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Why Every 20-Something Should Know More About Their Hormones

“Hormones are like music played in a beautiful but sometimes dissonant symphony,” explains Eden Fromberg, a New York City-based holistic obstetrician and gynecologist who DOs the different glands in the endocrine system that produce the different hormones. The body is likened to an array of musicians creating a unique sound in an orchestra, each having to listen to the other in order to perform. “When a hormone sounds too loud or too soft, too fast or too slow, and out of tune with other hormones, the sound produced can irritate the system.”

Controls many of the body’s functions Critical to functions such as mood, health and behavior, hormones are the most sensitive chemical messengers in humans. “A woman’s cycle and hormones affect our mood and behavior because the female body is an ecosystem, and hormones nourish and inform the entire system,” Fromberg said. How do you ensure physical synchronicity with the New York Philharmonic as they perform Beethoven’s Ninth Symphony? “One way to harness our own biological intelligence is to observe the cycles and rhythms of our bodies,” explains Fromberg, noting that most women are already aware of certain hormonal changes in their bodies. “We can expand that awareness.” But in today’s modern world, where hormonal balance is increasingly influenced by environmental factors such as extreme stress, exposure to harmful chemicals, and a Westernized diet, take your understanding and awareness to the next level , especially through the lens of fertility is essential – especially in your s as you set the stage for your overall health hour.

“Reproductive health is your health, and staying healthy is no different than exercising or eating healthy,” with subspecialty certification Jaclyn Tolentino, Holistic Family Physician at Parsley Health explains in Hormone Optimization. “Even though pregnancy isn’t on your radar right now, when you’re in your 20 your body is still working hard as if it’s capable of giving birth Healthy offspring.”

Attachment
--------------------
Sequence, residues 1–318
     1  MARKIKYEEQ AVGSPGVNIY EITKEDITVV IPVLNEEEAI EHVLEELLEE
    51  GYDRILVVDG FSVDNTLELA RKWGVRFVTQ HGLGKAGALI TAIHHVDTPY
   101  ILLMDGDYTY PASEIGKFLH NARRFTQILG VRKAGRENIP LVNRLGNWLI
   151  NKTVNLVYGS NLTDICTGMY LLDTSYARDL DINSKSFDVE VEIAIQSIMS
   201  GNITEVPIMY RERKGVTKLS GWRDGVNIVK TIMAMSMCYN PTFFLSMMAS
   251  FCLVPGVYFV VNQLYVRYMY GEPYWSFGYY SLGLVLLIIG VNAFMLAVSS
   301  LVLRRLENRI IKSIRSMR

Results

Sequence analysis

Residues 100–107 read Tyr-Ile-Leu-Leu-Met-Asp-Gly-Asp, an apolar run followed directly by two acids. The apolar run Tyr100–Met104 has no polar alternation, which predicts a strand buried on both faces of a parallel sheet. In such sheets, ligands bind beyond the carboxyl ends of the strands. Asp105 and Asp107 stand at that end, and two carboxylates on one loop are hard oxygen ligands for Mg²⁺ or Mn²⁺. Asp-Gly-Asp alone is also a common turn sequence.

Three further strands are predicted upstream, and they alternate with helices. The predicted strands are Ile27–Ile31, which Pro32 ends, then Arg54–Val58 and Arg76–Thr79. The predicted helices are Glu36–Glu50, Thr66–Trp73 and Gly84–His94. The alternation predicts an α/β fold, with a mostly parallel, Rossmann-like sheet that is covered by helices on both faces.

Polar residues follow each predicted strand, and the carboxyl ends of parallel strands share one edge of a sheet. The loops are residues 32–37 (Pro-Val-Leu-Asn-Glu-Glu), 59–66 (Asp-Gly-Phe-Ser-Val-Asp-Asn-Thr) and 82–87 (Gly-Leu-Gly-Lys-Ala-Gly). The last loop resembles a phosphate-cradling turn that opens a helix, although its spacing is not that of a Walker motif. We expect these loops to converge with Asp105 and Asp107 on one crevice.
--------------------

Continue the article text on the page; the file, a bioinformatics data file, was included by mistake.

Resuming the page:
From understanding your body cycles to the hormones most commonly associated with women’s health, here experts discuss must-know information and tips for promoting an optimal lifestyle hormones balance.

Familiarize yourself with the most important hormones

According to Tolentino, the hormones that women should pay attention to the most are:


    • The main female sex hormone, mainly produced by the ovaries. “Not only does it play a vital role in the menstrual cycle, but it supports everything from maintaining bone density to regulating mood,” she explains.
  • Progesterone: are also produced by the ovaries and play an important role in early pregnancy, Tolentino said.
  • Testosterone: “The body needs this important hormone to develop lean muscle, burn fat, and increase libido,” she says, noting that while men’s testes produce it, the ovaries also produce it, releasing small amounts of it. into the blood.

Cortisol: The body’s stress hormone; normal levels help regulate blood sugar and the immune system. But on a bloated level, it can be very harmful. “High cortisol levels have been linked to everything from experiencing feelings of fear, panic and depression, to impairing memory and severely suppressing the immune system,” she said.